Tasmania 2016, Day 11

Majella’s plan for today was to explore the Tamar Valley north from Launceston. It changed slightly yesterday when, after eating lunch at the Wursthaus, she crossed the mall and found Gourlay’s Confectionery Shop. In the course of conversation with the man there she discovered that the factory was in the Penny Royal Hotel and, with the help of some pressing by Maria, secured an invitation to see them working at 9:00 am. That had to happen before we could go anywhere.

Just before 9:00 Majella and the toffee watchers headed off. They were back, with sweets and satisfied with their viewing before 9:30. We all boarded the van and headed off to explore.

Before leaving town we did a quick drive by of the port area. Then we headed north, up the left bank of the Tamar Valley. Along with the tutorial on sweets manufacturing the man at Gourlay’s had offered a lot of advice about what to see in the Tamar. Majella had set Grindelwald, a Swiss style village, as our first target. The advice from Gourlay’s was to visit Rosevears first, or instead of Grindelwald. Apparently he was not impressed by it but recommended the pub at Rosevears for lunch with a view of the river.

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We took a few missed turns before discovering an excellent lookout across the Tamar Valley, and then finding the northern entry to Grindelwald. We drove past some interesting houses with Swiss styling, and exited via the turn we should have taken originally. This time we found the turn to Rosevears, drove that way along the Tamar, spotted the pub with a view and carried on to Exeter where the Gourlay’s man had recommended the bakery for coffee.

The Exeter bakery lived up to expectations. We had good coffee and a variety of tasty treats before getting back on the road.

Next on the recommended list was Gravelly Beach. I don’t think we really know why it made the list. We had some nice views of the Tamar but saw no gravel to justify the name.

From there it was full steam ahead to Beaconsfield where we planned to visit the Beaconsfield Mine & Heritage Centre. We arrived there soon after 11:30. The advice from Gourlay’s had been to buy the triple pass to the Beaconsfield museum, and the platypus and seahorse attractions at Beauty Point. We thought about it for a moment and decided that we might not want the extras. That was a good decision because we managed to spend a bit more than 2 hours in the Beaconsfield museum.

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A substantial part of the museum was devoted to the story of the rescue of Todd Russell and Brant Webb after the earthquake triggered rock fall in 2006. The 14 day rescue was detailed in an exhibit that includes opportunity to crawl through a pipe and pop up to experience the size of the space in which they were trapped. It also included a collection of news video that could have benefited from some editing of highlights to reduce the length.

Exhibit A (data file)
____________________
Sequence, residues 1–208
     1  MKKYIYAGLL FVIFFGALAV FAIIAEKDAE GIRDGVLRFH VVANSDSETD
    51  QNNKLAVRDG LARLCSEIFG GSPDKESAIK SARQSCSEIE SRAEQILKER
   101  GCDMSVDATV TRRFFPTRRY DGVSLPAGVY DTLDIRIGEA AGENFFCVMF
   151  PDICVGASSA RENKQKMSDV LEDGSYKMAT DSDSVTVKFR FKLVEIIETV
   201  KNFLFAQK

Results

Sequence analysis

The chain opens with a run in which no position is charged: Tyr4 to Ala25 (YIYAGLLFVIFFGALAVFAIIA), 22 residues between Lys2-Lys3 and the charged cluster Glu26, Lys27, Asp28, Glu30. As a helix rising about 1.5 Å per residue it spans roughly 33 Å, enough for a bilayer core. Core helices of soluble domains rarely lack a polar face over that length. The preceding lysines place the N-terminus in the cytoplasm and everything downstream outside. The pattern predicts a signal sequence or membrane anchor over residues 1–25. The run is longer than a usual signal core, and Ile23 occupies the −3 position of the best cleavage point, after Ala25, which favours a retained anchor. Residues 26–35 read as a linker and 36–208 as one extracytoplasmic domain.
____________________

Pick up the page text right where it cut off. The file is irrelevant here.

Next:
Beyond that the museum offered some interesting insights into the life of the community over the period during which the mine operated and into the technology used to work the mine over that period. I was amazed by the use of large pieces of pitch pine, so called because of its resin content that retarded decay, to form pump rods that extended to 1390 feet (425 metres) and pumped up to 13 million litres of water per day out of the mine. There were many other interesting snippets that held our attention for more than 2 hours.

Conversations earlier in the morning had considered finding a local winery for lunch. By the time we exited the museum just before 2:00 pm we were intent on eating soon and opted for the local bakery. Some of us had pies but others had sandwiches on tasty  and crusty fresh bread.

From Beaconsfield we headed south to cross the river over the Batman Bridge near Deviot. Majella, Maria and I had watched part of a documentary about the 1960s construction of the bridge while in the museum. it is an interesting structure with a high A-frame tower anchored by cables and supporting the deck with cables. The Tamar is over 30 metres deep at that point so building peers was not a desirable solution and the cantilever construction with cables solved the problem.

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Once across the river we headed north again to Low Head where our first stop was the pilot station museum. We were greeted there by Alan, a volunteer(?), who provided us with some historical background, a demonstration of the historical foghorn, and other information about the exhibits before letting us loose to explore on our own. We found an abundance of interesting exhibits including many that we were able to ‘play’ with in some way. I enjoyed the portable foghorn with which I startled the group only to hear Michael sound a loud bell in response. Fay, Warwick, and Russell revived childhood memories of telephone exchanges in the exhibit about signalling and morse code.

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We drove on to the lighthouse at the mouth of the Tamar but most members of our party had decided at the pilot station that it was too windy and cold to set foot outside the van. I was permitted a quick stop for photos and took off. Warwick braved the elements to take a look too. It wasn’t until we had rounded the lighthouse and were thinking of going back that we spotted Jim who had followed us out. We took photos and headed back.

On the way back to Launceston we took the recommendation of Alan at the pilot house museum and checked out Bell Bay. None of us wanted to work there, as Alan had intimated, so we drove on to Penny Royal. Majella and I ventured out to grab some extra provisions for a simple dinner in the apartments which we ate before retiring for the night, Tomorrow is about golf and our next destination.

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